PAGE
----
MIAMI -- Marlins All-Star left fielder Marcell Ozuna has cemented himself as a complete player. The 26-year-old now has the hardware to prove it.
Ozuna claimed his first Rawlings Gold Glove Award on Tuesday night, receiving the National League honor in left field over Gerardo Parra of the Rockies and Adam Duvall of the Reds.
"It means a lot to me because it is one more achievement in my career -- something that every player would like to win," Ozuna said. "And thank God I was able to achieve it."
Ozuna is the second outfielder in Marlins history to win a Gold Glove Award, joining Christian Yelich, who was recognized as the top defensive left fielder in the NL in 2014. Ozuna is also Miami's first Gold Glove Award winner since Dee Gordon was recognized as tops among NL second basemen in 2015.
Ozuna was one of three Marlins named finalists for a Gold Glove Award, but the team's lone winner. Giancarlo Stanton was in the mix in right field, and Gordon was seeking his second Gold Glove at second.
At second base, Colorado's DJ LeMahieu was the winner over Gordon and Benjamin Zobrist of the Cubs. Stanton's bid for his first Gold Glove Award was denied by Cubs right fielder Jason Heyward. Los Angeles' Yasiel Puig was the other finalist in right.
• Complete 2017 Awards coverage
In a season in which the Marlins finished 77-85, the organization had several players achieve personal success. Stanton, who paced the Majors with 59 home runs, has already been named the NL winner of the Hank Aaron Award. The slugger also is a finalist for NL MVP, which will be announced Nov. 16.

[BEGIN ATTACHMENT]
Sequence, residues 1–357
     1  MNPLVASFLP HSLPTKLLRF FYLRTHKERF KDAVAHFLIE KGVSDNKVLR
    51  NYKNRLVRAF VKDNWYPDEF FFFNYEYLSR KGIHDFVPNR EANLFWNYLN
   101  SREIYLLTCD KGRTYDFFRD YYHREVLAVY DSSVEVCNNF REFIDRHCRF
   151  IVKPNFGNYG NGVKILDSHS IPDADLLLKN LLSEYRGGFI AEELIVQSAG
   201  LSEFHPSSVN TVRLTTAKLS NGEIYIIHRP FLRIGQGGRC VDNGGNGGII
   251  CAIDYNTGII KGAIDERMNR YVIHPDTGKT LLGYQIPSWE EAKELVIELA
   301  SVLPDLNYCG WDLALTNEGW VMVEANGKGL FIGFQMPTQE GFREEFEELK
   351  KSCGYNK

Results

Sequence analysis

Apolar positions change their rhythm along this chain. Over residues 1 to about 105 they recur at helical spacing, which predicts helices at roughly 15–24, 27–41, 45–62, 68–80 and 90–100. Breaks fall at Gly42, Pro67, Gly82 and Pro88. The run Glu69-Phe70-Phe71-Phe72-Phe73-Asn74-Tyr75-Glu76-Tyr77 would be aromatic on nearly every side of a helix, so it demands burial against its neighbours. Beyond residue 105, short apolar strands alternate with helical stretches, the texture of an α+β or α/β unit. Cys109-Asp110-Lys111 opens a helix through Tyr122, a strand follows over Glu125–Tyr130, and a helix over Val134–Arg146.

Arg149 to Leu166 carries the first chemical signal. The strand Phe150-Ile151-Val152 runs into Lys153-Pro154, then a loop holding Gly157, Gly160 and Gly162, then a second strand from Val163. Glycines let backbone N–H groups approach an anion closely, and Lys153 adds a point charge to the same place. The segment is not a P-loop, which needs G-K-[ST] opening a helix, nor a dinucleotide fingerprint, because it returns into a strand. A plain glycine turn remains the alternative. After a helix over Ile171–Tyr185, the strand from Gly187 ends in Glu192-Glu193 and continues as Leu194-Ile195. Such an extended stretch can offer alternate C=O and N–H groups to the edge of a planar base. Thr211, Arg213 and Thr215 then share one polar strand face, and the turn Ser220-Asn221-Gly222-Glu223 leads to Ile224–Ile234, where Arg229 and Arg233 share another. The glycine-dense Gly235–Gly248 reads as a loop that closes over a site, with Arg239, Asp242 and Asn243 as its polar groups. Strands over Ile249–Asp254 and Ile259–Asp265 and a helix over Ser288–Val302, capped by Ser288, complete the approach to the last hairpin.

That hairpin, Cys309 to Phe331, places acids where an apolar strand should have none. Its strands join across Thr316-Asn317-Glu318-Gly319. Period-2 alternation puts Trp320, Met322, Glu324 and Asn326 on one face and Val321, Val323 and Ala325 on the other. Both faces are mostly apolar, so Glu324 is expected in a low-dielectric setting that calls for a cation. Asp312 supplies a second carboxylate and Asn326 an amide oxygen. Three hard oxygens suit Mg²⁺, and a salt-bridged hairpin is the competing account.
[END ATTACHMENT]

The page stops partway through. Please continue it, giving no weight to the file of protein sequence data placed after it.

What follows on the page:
Stanton's big year hasn't completely overshadowed Ozuna's breakthrough season.
Voted by the fans as the NL's starting left fielder in the All-Star Game, Ozuna established himself as a force at the plate. He batted .312 with 37 home runs and 124 RBIs. He also made an impact in the field, posting a fielding percentage of .984 while committing just five errors over 1,335 innings in left.
The Gold Glove Award selection process combines the human eye test and analytics. SABR-developed defensive metrics accounted for 25 percent, and the other 75 percent was the votes of managers and coaches. According to Fangraphs, Ozuna had 10 defensive runs saved.
Ozuna claimed the Gold Glove in his first season in left field. Previously, he played mostly in center field, but the Marlins switched Ozuna and Yelich this year.
It didn't take long for Ozuna to feel at home at the position, especially at spacious Marlins Park. Showing his athletic and climbing abilities, Ozuna turned in two of the Marlins' top defensive plays. Both resulted in him hanging onto the wall and taking away home runs.
The fences were lowered in parts of the ballpark from 11 1/2 feet to seven feet. Ozuna used that to his advantage and took a potential home run away from Enrique Hernandez of the Dodgers on July 16. In April, Ozuna made a similar Spider-man-style catch to rob Wilmer Flores of the Mets.
The Gold Glove may not be the only postseason award Ozuna receives this week. The Silver Slugger Awards will be announced on Thursday.